We were very interested to see how the Startup Canada Waterloo Town Hall would unfold. Of all of the regions that the tour has visited to date, Waterloo certainly stands as the most classically high tech of the group, and we were keen to observe whether any of the messaging around the challenges facing Canadian entrepreneurs would change – would this highly tech engaged community identify completely new areas for Canadian entrepreneurial improvement, and would new solutions paths be proposed to bring about the required change. The answer was a resounding yes.
The Waterloo Town Hall was also the piloting ground for the next innovation to the Startup Canada Town Hall methodology. Given that many of our more recent Town Halls were beginning to identify the same types of challenges and solutions, we felt it was time to enhance these discussions and seek greater levels of depth regarding implementation plans. As a result, we asked our Waterloo Town Hallers to build out their traditional Dragon Style pitches, and to create a comprehensive delivery plan for their proposed solution. Within these comprehensive plans, our teams were asked to identify unique roles for local community stakeholders including business, academia, government, and enterprise support, to identify the specific community actors to be engaged within these groups, to identify the likely human, financial, and other resources required to support their initiative, and to develop the real schedule of activities and events that would lead to the successful role out of their proposed solution.
Then, sticking to tradition, the winning business cases and implementation plans were voted on and selected by the members of the Town Hall, and the winning team was empowered to bring forth their solution within the local community. The results of our updated Town Hall approach were absolutely fantastic, and led to the production of robust and highly detailed implementation plans and locally championed activity schedules, which could serve as a guide not only to the Waterloo community, but also for other communities across Canada facing similar challenges.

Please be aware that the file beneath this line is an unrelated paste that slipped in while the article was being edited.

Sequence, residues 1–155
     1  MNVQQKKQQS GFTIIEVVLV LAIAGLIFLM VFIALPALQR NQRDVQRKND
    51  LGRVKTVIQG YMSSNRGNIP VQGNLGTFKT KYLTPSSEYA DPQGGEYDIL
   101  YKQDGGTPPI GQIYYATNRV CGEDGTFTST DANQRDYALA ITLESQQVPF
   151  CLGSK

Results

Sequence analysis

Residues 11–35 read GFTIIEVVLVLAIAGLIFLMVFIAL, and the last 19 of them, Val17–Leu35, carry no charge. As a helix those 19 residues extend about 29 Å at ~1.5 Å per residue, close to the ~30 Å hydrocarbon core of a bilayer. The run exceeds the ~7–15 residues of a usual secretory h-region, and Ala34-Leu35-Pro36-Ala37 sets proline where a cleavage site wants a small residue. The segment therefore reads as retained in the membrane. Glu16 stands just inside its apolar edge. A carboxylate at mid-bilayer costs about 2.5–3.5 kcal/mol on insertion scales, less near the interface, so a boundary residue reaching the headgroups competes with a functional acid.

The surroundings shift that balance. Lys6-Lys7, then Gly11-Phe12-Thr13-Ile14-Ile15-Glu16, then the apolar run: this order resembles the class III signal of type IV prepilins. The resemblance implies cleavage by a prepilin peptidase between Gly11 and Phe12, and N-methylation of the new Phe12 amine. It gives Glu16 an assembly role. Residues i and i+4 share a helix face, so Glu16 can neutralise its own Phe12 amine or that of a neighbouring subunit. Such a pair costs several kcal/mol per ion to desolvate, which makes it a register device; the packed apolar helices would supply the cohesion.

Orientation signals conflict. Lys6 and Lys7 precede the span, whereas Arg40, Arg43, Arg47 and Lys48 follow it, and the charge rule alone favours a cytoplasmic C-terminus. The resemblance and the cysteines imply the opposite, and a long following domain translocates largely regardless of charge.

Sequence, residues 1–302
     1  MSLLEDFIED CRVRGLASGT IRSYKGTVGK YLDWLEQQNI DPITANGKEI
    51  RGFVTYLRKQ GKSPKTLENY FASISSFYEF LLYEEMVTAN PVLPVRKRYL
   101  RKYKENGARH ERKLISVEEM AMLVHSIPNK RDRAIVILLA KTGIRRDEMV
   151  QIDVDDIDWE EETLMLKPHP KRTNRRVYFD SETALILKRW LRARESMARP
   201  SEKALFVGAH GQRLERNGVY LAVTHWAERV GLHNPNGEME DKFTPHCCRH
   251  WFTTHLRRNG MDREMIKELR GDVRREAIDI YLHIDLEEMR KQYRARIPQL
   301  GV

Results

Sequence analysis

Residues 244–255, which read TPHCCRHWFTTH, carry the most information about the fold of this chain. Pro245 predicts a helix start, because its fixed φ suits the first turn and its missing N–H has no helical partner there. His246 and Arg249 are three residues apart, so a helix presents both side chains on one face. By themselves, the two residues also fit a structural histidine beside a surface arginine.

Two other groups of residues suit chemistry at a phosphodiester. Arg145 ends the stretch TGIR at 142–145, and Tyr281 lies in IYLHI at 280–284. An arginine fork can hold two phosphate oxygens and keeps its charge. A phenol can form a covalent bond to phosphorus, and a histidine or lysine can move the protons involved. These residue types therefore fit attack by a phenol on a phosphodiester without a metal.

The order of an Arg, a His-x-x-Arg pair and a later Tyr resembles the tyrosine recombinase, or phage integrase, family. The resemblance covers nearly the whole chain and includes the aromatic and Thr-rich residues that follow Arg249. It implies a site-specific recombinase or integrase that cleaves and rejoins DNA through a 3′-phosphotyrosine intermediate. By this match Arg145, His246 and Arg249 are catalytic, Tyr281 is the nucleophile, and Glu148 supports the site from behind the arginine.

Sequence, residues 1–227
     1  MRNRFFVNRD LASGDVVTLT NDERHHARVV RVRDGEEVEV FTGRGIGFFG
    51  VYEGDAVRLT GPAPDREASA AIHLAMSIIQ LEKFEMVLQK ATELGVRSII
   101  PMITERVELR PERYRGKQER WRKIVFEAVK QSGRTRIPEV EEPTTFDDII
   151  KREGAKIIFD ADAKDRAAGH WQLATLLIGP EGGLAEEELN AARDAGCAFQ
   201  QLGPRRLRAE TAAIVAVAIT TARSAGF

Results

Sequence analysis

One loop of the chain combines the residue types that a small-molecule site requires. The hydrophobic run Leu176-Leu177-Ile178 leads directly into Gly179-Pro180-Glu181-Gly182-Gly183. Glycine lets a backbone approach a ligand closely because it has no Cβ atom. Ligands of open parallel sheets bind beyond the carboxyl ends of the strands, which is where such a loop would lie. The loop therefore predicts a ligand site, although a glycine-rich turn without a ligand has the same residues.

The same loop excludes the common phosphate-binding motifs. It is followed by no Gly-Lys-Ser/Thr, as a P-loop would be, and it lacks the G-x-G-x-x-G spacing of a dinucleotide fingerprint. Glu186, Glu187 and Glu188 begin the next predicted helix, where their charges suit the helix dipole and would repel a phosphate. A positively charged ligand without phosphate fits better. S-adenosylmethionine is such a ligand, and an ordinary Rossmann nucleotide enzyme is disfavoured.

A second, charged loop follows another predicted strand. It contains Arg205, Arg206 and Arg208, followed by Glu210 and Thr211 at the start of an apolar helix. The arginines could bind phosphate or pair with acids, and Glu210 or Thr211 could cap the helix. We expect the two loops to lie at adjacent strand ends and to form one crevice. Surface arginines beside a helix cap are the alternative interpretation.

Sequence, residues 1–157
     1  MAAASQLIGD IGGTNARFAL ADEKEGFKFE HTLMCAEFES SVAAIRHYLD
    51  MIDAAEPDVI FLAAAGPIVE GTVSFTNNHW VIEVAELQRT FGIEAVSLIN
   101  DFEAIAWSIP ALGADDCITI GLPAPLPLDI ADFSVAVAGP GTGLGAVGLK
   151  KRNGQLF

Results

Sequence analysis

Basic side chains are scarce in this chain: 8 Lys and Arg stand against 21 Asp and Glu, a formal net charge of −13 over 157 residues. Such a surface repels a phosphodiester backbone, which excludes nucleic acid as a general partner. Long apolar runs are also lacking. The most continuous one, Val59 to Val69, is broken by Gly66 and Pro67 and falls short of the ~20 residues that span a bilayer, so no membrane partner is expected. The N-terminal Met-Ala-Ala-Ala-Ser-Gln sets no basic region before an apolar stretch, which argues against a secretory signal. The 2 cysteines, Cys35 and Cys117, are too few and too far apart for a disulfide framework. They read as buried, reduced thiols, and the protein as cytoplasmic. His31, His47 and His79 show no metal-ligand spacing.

It was also very exciting to see that, despite the reality that several familiar challenges and solutions paths were raised in Waterloo (highly resonant of our East Coast findings including the need for more mentorship, facilitated navigation of business support programs, and a central point of access for all entrepreneurial related support) we also observed several completely novel entrepreneurial ideas from this highly dynamic and tech driven region.
Some of the most innovative entrepreneurial support ideas included:
Startup University: A parallel tracked secondary school program that would provide supplemental entrepreneurial education, training, mentorship, and experiential leaning opportunities, directly alongside the more traditional education curriculum.
Gravity: A Cross sectoral entrepreneurial ideas and solutions connector, that would aim to get local talented resources from computing, engineering, business, physics, and arts-based organizations identifying internal challenges, sharing them with cross sector colleagues, and working together to find opportunities to help each other resolve these challenges via a combination of skills sets and experience.
My First Million: The crowd favourite that proposed the creation of a franchiseable community entrepreneurial kit that would help local communities identify their unique startup support path, built from existing resources, and a media approach that would connect and guide young entrepreneurs from kindergarten to university to the right tools and programs to graduate them along successive stages of their unique entrepreneurial journey.
Beta Loop: The winning Waterloo Town Hall idea proposed the development of an online beta testing environment that would also simultaneously operate as match making services between new startups with the requirement to test products in a less costly and risk reduced environment, and those engineering/computing students looking to gain experience working with a startup while potentially indentify promising long term job prospects.
Founder Match: The Town Hall runner up ingeniously proposed a lava life for startup founders, where a business or engineering student could create a short profile documenting their skill set, business idea, values and ethics, long terms interests, and could get connected via a match making algorhythm to a compatible founder with both the corresponding skill set they need to startup their business, and the matching values profile that would help to ensure long term success.
Overall, the Waterloo Town Hall brought forth some truly exceptional and completely novel ideas in support of entrepreneurship, and we look forward to following up with the winning teams to see the type of incredible progress this region can surely make towards improving its entrepreneurial ecosystem.